* Wall Street ends mostly higher after volatile session
* 10-year Treasuries yields rise above 2.50 percent
* Dollar continues gains against euro, yen
* Crude drops, gold bounces back
By Leah Schnurr
NEW YORK, June 21 U.S. equities stabilized in
choppy trading on Friday, while Treasury yields were on track
for their biggest weekly jump in a decade as investors
reassessed their positions in the wake of the Federal Reserve's
plans to withdraw its economic stimulus.
Markets are adjusting to the Fed's plan laid out earlier in
the week for the central bank to scale back its asset purchases
later this year if the U.S. economy keeps improving as expected.
Chairman Ben Bernanke roiled world markets when he outlined
the timeline for the plan on Wednesday, with interest rates
rising and equities markets selling off.
Easing fears about an immediate banking crisis in China
helped make for a calmer tone, but short-term funding rates
there remain elevated, especially for smaller lenders.
After a choppy session, U.S. stocks ended higher following a
two-day selloff. Ten-year Treasuries yields rose above 2.50
percent, their highest intraday level since August 2011.
For the week, the 10-year yield was on track to rise 40
basis points for the biggest single-week jump since the March
2003, according to Reuters data. The dollar rose and was headed
for its biggest weekly gain since July 2012.
"It's all one big unwind. That's been a negative for
Treasuries as hedges are unwound," said Sean Murphy, a
Treasuries trader at Societe Generale in New York.
Major U.S. stock indexes racked up their worst week since
April. The benchmark S&P 500 remained below its 50-day moving
average, after breaking below it on Thursday.
"A lot of investors thought the sell-off was overdone after
we broke through those technical levels, but all the existential
things that drove us down are still in place," said Nicholas
Colas, chief market strategist at the ConvergEx Group in New
"People aren't sure what's going to happen with Fed policy
or rates or anything else. It is too soon to say we hit a
MSCI's broad world stock index, which tracks
shares in 45 countries, was off 0.3 percent, and Europe's broad
FTSE Eurofirst 300 index ended down 1 percent.
The Dow Jones industrial average added 41.08 points,
or 0.28 percent, to 14,799.40. The Standard & Poor's 500 Index
rose 4.24 points, or 0.27 percent, to 1,592.43. The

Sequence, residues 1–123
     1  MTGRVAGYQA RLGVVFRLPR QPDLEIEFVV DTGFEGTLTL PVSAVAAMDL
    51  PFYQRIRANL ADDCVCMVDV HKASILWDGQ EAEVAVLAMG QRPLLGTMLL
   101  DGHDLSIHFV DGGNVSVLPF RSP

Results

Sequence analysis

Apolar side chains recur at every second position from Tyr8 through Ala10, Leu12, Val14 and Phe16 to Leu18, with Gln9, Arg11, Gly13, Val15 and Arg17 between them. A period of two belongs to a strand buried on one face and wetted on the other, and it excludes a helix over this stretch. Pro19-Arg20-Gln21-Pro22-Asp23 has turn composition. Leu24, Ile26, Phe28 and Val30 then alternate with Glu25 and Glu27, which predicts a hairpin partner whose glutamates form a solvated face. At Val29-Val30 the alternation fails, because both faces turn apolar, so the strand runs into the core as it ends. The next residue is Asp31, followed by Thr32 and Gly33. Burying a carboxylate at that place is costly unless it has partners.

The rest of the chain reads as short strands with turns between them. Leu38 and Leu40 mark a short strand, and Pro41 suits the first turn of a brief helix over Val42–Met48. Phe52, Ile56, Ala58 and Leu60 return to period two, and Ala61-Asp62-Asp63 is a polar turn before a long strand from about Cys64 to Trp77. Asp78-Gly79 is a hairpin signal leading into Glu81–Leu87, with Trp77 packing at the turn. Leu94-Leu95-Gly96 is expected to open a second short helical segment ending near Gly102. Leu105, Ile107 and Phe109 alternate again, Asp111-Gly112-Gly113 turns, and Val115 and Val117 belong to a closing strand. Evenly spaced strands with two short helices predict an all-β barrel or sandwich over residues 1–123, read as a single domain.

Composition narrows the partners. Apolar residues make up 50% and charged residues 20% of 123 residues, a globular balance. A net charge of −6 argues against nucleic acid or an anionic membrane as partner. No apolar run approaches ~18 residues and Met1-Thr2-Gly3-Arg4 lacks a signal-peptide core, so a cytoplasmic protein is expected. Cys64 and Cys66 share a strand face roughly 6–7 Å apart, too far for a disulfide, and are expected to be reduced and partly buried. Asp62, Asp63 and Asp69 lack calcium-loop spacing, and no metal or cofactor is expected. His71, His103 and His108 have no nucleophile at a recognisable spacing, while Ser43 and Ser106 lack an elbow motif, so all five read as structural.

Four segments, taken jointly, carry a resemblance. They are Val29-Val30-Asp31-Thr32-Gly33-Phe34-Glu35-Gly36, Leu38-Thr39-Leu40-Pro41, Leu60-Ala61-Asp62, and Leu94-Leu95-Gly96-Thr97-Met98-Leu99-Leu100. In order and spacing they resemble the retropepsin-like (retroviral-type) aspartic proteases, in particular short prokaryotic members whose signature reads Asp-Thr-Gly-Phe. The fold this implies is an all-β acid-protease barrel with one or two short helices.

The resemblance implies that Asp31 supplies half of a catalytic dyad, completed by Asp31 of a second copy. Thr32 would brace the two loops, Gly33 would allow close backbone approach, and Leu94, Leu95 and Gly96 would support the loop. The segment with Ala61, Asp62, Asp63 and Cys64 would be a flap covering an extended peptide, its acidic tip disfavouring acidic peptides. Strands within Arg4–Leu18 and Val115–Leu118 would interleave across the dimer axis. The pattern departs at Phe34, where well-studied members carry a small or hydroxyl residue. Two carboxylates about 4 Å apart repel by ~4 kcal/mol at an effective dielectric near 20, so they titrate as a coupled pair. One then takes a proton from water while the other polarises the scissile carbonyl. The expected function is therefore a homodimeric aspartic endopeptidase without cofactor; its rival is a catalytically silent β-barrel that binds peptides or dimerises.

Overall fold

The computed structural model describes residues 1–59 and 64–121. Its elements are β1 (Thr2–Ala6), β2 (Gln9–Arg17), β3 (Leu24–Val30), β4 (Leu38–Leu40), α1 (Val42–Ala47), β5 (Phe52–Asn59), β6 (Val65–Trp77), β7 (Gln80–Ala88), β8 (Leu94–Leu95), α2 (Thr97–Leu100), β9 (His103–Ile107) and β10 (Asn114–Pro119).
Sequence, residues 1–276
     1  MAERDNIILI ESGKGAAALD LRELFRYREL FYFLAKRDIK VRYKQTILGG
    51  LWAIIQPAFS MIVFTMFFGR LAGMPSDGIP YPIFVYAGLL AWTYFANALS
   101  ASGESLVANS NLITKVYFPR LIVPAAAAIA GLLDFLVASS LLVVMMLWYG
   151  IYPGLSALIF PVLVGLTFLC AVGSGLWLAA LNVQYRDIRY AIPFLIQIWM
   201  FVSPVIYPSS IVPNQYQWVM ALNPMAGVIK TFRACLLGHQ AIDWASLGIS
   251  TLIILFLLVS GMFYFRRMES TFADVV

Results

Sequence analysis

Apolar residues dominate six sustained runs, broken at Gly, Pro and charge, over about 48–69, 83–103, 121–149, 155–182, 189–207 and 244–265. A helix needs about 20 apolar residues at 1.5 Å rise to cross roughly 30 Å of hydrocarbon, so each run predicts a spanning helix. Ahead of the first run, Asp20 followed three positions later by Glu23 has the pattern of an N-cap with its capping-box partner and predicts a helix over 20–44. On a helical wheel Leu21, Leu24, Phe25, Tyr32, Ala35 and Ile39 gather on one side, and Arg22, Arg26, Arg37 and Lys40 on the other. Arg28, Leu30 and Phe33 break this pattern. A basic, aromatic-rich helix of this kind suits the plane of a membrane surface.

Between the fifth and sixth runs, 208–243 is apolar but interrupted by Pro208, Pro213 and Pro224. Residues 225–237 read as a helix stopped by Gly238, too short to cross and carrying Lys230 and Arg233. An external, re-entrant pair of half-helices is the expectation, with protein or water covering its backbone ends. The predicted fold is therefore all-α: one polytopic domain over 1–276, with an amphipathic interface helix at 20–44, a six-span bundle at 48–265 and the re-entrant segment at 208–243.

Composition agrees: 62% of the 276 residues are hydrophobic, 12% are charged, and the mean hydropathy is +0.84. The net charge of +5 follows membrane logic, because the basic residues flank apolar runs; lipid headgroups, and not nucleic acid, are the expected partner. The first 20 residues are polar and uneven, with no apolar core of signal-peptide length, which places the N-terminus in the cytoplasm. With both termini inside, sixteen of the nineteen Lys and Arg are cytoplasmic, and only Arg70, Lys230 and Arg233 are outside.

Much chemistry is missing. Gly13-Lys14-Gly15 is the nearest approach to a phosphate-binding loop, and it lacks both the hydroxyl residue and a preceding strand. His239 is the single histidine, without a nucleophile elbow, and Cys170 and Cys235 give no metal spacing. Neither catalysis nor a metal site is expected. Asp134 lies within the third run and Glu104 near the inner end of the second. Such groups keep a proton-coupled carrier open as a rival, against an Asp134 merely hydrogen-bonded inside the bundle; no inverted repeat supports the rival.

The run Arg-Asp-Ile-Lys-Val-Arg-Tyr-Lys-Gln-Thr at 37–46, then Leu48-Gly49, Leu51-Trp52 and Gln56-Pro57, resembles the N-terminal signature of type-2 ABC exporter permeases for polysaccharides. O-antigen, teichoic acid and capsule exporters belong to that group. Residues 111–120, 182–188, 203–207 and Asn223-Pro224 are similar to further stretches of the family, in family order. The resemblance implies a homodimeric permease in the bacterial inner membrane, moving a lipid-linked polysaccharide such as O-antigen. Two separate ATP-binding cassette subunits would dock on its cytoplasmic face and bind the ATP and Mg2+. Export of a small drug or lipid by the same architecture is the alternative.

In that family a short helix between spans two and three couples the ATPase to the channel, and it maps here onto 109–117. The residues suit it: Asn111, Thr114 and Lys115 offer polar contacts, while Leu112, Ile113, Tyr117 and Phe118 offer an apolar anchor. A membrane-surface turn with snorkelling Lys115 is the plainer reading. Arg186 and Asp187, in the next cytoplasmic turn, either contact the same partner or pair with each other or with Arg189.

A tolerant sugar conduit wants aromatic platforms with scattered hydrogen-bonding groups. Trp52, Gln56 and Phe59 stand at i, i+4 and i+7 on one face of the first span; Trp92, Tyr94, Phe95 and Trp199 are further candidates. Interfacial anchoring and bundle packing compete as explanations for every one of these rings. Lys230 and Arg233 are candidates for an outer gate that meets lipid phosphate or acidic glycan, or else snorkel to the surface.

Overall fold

Nasdaq Composite Index was off 7.39 points, or 0.22
percent, to 3,357.25.
The Fed is currently buying $85 billion a month in bonds,
part of its huge stimulus effort that has driven many investors
to embrace riskier assets and has sent U.S. stocks up about 15
percent for the year. Investors now face the task of unwinding
those trades, which is expected to continue to roil global
markets across asset classes.
The recovery in stocks in the afternoon coincided with a
Wall Street Journal article suggesting markets were "misreading"
Benchmark 10-year Treasury notes were down more
than a point in price to yield 2.54 percent, while 30-year bonds
dropped 1-9/32 in price to yield 3.59 percent.
The dollar continued to climb as Bernanke's view that the
U.S. economy is improving prompted traders to start pricing in a
rise in interest rates in late 2014.
"Players will likely park (assets) in the dollar until we
have got a little more clarity about where the world is going,"
said Neil Jones, head of hedge fund FX sales at Mizuho Corporate
Bank in London. "The dollar is benefiting from that and I sense
it will continue to do so."
The dollar rose 0.5 percent against a basket of currencies
, putting it on track for a weekly gain of 2 percent, the
biggest since early July, 2012. Trading volume was slowing with
under an hour to go in the New York session which ends the
The euro fell 0.7 percent to $1.3126 and the dollar
gained 0.4 percent against the yen to 97.70 yen.
There was little respite across the emerging markets, with
MSCI's benchmark index down 0.8 percent.
As the Fed's policy tapering gradually pushes U.S. Treasury
yields higher, the attractiveness of returns in developing
countries like Turkey and South Africa has waned.
The emerging markets index has fallen close to 5.5 percent
this week, making for a year-to-date loss of more than 14
percent, and many in the market see further falls ahead.
Gold drew some demand from investors attracted by the week's
big equity and bond price falls, although worries about China's
sluggish growth outlook weighed on sentiment.
Spot gold recovered from a three-year trough and was up 1.2
percent at $1,293.65 an ounce, while gold futures
added 0.6 percent to $1,293.40 an ounce.
Worries about demand from China and the U.S. weighed on oil.
Brent crude lost $1.24 to $100.91, while U.S. oil
dropped $1.45 to $93.69.